When an average American wakes up in the morning, he/she doesn’t consider the probability of being injured at work. The least that one expects from his/her workplace is to stay safe while on the job. Nonetheless, every year in the United States, more than 4,800 workers lose their lives at work or because of an illness resulting from hazardous work conditions. Also, out of every 10,000 cases, 95 cases involve full-time employees injured in slip-and-fall accidents.
If you work in dangerous conditions and are worried about your safety at work, you need not panic or consider a career change. The knowledge of the facts and the risk factors that make certain jobs dangerous can help you be cautious. If you suffer from a health hazard because of your workplace conditions, strong legal representation can help you get compensated for your loss.
Here is a list of America’s most dangerous occupations, as per the Census of Fatal Occupational Injuries:
- Logging Workers
Logging workers are responsible for harvesting thousands of acres of forests for timber. They work with hazardous tools for timber-cutting-and-logging processes. The fatality rate for logging workers averages over 110 deaths per 100,000 American workers annually. In this profession, most deaths occur due to falling from heights. Professional loggers, also called fallers, use choke setters, slingers, and cable-yarding systems to fell trees. They have to climb on to the specific trees to cut in several locations. Such a situation can be extremely dangerous for fallers. Other injuries and deaths in this job involve equipment and heavy machinery accidents.
- Commercial Fisherman
In the fishing industry, fatal injuries rose to 284 in 2015, which is the highest reported for this occupational group in seven years. Forget what you think you know about the fishing industry, workers are forced to fish in extreme conditions; lift heavy cages; and work with cables, floats, sharp hooks, and bait systems.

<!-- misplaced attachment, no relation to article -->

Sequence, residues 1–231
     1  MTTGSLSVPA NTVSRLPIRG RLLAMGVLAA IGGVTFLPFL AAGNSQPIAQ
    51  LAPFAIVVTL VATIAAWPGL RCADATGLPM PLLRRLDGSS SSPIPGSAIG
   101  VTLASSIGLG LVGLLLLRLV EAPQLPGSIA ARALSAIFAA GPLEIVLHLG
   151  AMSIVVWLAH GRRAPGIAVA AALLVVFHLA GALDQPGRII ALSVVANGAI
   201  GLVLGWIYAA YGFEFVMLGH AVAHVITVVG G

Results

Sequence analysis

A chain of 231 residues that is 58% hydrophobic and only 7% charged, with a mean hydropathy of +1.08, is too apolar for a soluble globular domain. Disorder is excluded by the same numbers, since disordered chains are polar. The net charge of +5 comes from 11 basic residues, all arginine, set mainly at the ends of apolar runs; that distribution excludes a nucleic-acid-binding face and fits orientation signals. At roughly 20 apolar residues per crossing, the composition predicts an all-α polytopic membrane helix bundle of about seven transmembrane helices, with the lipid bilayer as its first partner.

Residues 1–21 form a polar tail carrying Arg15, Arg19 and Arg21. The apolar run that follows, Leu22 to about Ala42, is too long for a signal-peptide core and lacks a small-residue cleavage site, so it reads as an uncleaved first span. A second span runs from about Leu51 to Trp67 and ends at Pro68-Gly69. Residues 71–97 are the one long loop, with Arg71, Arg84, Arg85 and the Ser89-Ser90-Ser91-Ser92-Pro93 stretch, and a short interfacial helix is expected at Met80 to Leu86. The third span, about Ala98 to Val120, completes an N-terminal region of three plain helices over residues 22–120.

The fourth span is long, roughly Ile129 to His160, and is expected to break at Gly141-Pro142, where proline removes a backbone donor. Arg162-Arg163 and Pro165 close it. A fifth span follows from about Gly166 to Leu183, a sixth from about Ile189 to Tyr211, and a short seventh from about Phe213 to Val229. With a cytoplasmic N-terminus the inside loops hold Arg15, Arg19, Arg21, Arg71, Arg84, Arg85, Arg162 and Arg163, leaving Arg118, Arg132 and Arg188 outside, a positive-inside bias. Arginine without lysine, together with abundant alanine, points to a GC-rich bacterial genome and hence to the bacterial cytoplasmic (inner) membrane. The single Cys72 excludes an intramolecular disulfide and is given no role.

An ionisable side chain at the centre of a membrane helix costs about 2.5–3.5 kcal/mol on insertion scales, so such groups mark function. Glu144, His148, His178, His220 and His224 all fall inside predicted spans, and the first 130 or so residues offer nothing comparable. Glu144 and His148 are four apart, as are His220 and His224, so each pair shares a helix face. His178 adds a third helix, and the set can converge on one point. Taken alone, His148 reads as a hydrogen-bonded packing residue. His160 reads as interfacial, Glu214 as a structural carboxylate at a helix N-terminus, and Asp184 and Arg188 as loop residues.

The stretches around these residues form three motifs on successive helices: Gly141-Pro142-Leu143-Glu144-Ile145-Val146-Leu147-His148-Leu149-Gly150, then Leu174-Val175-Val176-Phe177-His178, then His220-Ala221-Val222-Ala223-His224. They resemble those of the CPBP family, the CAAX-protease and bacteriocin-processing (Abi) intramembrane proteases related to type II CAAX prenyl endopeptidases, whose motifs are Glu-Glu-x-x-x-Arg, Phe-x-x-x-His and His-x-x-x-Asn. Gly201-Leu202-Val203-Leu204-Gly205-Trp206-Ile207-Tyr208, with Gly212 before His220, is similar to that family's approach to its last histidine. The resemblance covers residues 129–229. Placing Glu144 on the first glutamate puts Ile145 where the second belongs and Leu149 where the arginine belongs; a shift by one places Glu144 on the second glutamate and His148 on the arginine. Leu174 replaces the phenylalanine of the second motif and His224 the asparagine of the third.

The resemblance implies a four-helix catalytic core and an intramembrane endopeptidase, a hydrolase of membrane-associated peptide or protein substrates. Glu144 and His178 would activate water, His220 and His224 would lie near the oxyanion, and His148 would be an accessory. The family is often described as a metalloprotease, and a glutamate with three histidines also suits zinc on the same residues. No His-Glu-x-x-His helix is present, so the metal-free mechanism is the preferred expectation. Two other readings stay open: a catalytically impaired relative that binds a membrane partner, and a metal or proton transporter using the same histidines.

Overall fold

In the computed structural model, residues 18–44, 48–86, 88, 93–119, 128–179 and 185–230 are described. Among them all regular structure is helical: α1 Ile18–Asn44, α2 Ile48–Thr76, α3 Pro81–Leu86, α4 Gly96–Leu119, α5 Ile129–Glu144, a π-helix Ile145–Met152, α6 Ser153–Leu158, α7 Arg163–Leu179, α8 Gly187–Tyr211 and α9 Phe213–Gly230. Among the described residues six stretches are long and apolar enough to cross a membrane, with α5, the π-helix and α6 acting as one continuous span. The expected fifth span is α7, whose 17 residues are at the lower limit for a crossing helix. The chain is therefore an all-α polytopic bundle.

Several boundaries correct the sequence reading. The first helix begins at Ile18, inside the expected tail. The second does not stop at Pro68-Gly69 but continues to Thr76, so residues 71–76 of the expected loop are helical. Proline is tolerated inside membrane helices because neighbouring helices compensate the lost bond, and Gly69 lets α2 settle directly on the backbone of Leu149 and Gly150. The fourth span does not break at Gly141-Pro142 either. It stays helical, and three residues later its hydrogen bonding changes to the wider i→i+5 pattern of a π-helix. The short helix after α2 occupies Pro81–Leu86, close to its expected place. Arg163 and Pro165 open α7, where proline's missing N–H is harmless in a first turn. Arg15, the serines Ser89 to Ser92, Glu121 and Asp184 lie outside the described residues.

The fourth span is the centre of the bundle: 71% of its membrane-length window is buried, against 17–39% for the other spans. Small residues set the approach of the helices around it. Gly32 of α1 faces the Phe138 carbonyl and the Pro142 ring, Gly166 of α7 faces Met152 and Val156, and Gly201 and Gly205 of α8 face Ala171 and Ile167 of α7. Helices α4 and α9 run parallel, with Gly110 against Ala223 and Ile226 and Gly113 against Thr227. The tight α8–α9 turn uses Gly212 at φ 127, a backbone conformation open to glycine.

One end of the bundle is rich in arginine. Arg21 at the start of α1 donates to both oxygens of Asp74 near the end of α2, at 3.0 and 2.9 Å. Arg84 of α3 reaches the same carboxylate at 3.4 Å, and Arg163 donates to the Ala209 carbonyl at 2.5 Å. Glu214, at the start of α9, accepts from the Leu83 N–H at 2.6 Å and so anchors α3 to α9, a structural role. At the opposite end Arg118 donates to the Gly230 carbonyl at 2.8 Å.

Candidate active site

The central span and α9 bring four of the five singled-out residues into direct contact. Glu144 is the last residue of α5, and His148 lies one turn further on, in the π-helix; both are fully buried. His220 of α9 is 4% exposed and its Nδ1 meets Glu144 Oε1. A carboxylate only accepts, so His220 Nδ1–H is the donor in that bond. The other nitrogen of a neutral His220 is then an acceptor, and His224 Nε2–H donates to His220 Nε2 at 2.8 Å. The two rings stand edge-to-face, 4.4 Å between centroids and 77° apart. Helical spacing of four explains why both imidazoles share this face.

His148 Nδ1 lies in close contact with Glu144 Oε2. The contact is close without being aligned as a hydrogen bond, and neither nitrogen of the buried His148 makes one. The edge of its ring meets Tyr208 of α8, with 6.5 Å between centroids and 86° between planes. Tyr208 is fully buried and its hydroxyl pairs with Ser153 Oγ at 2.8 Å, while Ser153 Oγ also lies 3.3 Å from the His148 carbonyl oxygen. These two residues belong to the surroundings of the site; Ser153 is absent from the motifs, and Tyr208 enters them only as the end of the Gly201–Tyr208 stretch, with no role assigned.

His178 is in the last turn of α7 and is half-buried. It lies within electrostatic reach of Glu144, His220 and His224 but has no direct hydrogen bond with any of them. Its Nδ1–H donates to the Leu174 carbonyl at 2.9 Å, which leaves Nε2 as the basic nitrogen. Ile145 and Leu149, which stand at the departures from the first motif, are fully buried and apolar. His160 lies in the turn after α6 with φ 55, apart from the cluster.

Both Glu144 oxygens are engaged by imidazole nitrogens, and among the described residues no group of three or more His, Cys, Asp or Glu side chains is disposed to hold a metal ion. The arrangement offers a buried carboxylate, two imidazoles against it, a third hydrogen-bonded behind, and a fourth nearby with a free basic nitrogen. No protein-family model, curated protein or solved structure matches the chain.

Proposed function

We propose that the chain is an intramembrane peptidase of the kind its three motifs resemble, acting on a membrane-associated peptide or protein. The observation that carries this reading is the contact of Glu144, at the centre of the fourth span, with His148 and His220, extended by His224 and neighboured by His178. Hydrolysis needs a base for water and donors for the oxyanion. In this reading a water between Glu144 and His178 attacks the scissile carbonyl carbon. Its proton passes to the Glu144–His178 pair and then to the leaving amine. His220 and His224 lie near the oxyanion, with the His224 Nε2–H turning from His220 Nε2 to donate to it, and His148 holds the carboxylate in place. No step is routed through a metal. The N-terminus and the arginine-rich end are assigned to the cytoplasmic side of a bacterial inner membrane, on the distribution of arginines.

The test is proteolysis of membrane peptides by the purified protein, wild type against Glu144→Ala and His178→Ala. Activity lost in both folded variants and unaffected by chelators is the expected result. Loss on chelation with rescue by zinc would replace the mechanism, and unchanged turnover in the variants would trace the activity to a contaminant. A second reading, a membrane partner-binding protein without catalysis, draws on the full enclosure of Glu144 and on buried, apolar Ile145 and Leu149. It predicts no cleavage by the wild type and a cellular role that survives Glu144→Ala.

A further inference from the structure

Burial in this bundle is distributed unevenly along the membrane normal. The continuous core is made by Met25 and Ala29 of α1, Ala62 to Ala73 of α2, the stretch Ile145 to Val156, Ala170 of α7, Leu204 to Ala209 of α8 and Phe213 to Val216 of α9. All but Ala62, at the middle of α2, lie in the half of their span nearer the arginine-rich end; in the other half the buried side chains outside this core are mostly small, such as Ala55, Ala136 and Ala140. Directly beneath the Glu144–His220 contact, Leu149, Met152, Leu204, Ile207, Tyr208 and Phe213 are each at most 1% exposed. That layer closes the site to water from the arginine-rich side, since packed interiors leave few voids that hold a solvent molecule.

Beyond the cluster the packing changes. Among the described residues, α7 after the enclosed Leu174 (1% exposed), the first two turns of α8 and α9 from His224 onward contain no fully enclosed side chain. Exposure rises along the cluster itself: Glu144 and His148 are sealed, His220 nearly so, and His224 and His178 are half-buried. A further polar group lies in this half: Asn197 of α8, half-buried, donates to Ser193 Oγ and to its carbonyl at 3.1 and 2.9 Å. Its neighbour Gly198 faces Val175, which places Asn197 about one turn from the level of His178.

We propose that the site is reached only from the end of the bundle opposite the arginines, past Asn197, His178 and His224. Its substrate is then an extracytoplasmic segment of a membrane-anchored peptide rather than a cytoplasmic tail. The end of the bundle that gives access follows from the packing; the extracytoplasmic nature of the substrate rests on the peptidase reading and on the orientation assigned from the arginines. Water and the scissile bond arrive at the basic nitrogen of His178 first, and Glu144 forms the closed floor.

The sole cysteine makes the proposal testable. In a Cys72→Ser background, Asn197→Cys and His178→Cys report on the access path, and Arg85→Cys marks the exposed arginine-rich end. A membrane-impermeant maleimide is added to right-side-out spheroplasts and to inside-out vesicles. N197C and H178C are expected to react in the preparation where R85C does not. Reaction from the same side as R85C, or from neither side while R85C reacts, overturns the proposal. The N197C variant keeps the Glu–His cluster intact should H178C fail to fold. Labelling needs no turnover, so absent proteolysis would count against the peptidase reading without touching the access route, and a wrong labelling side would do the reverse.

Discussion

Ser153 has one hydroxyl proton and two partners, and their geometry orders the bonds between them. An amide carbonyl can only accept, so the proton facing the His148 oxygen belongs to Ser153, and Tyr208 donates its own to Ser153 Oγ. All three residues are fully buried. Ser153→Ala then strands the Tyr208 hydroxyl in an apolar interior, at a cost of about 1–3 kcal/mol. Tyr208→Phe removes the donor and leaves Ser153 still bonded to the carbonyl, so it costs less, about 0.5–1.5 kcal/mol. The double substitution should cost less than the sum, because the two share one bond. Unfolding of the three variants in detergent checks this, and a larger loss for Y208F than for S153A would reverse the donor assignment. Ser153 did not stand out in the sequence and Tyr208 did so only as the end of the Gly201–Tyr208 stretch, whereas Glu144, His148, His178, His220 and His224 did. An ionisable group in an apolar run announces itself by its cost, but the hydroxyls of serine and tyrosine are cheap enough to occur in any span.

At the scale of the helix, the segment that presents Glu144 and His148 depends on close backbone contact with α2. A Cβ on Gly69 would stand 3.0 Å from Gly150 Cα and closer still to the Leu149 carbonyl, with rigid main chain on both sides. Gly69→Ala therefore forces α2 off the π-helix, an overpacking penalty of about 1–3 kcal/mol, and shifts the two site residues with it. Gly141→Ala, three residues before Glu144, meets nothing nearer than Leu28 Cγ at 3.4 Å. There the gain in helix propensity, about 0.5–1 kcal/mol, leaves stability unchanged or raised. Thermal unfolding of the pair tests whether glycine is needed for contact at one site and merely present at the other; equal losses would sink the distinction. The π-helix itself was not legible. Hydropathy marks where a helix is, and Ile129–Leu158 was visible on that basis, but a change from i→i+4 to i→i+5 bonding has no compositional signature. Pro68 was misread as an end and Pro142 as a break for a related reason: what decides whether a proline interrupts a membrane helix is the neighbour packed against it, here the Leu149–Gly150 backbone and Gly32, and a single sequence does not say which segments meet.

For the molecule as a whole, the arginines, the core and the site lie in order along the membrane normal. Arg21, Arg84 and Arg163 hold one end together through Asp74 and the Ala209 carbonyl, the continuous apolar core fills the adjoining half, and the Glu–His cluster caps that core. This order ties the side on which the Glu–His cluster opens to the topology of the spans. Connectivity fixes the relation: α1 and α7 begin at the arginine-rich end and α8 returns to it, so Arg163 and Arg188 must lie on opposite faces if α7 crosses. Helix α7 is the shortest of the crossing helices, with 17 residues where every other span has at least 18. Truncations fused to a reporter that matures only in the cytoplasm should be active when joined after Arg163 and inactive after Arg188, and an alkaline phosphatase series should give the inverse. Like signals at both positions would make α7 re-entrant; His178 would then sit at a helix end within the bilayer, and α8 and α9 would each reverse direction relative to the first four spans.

Various hazards reported in the fish-processing industry range from redness/swelling of the eye to mechanical and electrical accidents, and bacterial and parasitic infections. Because of the uncertainty of ocean tides, boats and other vessels have to traverse in rough waters. This can lead to slip-trip-and-fall injuries, noise-induced hearing loss, allergic respiratory diseases, and stress-related health problems among fishermen and other workers.
- Aircraft Pilots
Most people admire the art of flying aircrafts. But, you may not know of the risks involved in this profession. Although statistically speaking, flying an aircraft is safer than driving a car, but aircraft pilots work in an occupation that is known to be the third most hazardous job in America.
Fatal injuries among aircraft pilots and flight engineers were 30 percent less in 2015 than in 2014, with 57 fatalities recorded in the sector. However, aircraft incidents in 2015 were at their highest level since 2011, even with a decrease in injuries sustained by aircraft pilots and flight engineers.
- Roofing Installation and Repair
Climbing on top of a roof, either for residential or commercial roofing installation and repair, exposes workers to an increased risk of trip-and-fall injuries and fatalities. Among the total workforce in this industry, roofers recorded a fatal injury rate of close to 40 cases per 100,000 workers.
- Garbage and Recycling Technicians
What seems like an easy and safe job can be full of injury potential, as is the case with garbage truck drivers, recycling technicians, and those who manage daily refuse. Among the workforce, refuse and recyclable material collectors recorded a fatal injury rate of close to 39 cases per 100,000 workers. Head trauma and crushing injuries are common sources of fatalities for workers in this sector.